There is a certain sense of satisfaction that I get from solving a problem. It almost doesn’t matter what kind of problem it is: debugging a computer connection, figuring out how to help a customer or figuring out a lace pattern. There is a feeling of “I did it, and I’m proud of it” that results.
I’m feeling pretty good at the moment because I just spent 20 minutes helping someone get hooked up to the wireless network. We have a very robust computer network at CubeSpace, both wireless and Ethernet. It is designed to enable people with a wide variety of computers to have access to the Internet and the networked printers. For the most part, it is very successful in that goal. Occasionally, however, people’s computers are set up in a way which prevents access. Usually it takes me less than 5 minutes to get anyone set up. Today, it took 20 minutes.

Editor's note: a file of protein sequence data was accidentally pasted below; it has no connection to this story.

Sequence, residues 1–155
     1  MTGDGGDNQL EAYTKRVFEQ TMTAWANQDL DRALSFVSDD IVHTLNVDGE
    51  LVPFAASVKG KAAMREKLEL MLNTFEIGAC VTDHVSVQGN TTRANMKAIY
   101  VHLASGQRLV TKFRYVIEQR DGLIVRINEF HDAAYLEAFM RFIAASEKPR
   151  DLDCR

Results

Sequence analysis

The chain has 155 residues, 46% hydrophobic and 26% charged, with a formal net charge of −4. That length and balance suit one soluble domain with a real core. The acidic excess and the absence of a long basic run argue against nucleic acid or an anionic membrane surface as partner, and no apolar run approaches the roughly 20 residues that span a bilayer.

Twenty minutes is long enough to develop a good head of frustration. And while frustration is not good in and of itself, as a precursor to solving a problem frustration adds to the sense of satisfaction. If a problem is easily solved, there is little achievement in its solution. Having been frustrated by a problem and solving allows a real sense of accomplishment.
While I don’t suggest taking on frustrating problems on a regular basis, solving them is sort of like scratching an itch: it’s almost worth having been itchy just for the satisfaction of having scratched it.